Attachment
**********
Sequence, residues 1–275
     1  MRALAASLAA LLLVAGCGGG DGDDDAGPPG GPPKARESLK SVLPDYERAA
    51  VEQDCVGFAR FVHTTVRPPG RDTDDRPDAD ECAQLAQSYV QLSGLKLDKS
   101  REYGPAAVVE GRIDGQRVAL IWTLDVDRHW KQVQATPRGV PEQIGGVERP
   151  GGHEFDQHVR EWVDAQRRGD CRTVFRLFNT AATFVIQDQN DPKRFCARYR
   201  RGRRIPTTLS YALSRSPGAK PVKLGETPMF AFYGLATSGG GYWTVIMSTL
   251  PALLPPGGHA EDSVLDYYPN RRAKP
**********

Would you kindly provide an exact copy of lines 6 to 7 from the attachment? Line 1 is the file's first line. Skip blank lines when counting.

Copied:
   201  RGRRIPTTLS YALSRSPGAK PVKLGETPMF AFYGLATSGG GYWTVIMSTL
   251  PALLPPGGHA EDSVLDYYPN RRAKP